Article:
New research turns wind power on its head

Vertical axis offshore wind turbines could provide a cheap alternative to conventional horizontal turbines. These are the new findings of a £2.8m Nova project, which was commissioned by the Energy […]

Register now!

By Vicky Ellis

Vertical axis offshore wind turbines could provide a cheap alternative to conventional horizontal turbines.

These are the new findings of a £2.8m Nova project, which was commissioned by the Energy Technologies Institute.

ETI Chief Executive Dr David Clarke said: “There are benefits in terms of the design of the turbines and accessibility at sea which could help reduce the cost of energy, although it is still early days in terms of delivering a full scale prototype.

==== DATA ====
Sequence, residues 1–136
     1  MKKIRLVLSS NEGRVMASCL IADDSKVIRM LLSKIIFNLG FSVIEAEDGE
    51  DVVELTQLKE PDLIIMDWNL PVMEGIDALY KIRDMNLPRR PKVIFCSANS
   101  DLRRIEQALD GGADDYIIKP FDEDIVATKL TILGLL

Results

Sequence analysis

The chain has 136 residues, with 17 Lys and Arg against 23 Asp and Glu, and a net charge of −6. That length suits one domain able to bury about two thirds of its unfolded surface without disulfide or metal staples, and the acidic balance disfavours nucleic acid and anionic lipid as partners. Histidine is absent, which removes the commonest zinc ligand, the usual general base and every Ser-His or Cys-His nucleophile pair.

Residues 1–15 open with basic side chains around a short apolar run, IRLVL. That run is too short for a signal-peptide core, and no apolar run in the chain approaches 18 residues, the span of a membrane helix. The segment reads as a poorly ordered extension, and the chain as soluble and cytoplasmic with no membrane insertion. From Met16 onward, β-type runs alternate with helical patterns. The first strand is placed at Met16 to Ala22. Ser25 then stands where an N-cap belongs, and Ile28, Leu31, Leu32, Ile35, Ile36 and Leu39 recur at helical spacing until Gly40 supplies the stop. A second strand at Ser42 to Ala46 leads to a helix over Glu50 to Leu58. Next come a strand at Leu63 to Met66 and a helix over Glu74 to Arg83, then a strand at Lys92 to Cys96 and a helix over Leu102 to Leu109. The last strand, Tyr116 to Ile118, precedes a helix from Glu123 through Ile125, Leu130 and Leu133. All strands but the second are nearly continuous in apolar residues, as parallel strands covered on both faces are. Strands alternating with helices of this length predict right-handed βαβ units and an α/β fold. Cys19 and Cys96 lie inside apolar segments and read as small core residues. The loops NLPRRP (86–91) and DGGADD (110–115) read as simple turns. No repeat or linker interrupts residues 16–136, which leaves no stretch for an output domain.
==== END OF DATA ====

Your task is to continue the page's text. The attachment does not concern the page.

“The study looked at both fixed and floating structures and concluded that floating turbines could be placed in deep water areas of over 60 metres which benefit from higher wind speeds. This would help to reduce the cost of electricity generated by wind power.”

Backers of the project believe it has potential to bring about a step change in the offshore wind industry.

Annie Hairsine, from OTM Consulting said: “Significant experience and knowledge has been developed in Phase 1 placing the UK in a unique position to lead the market for vertical axis turbines.”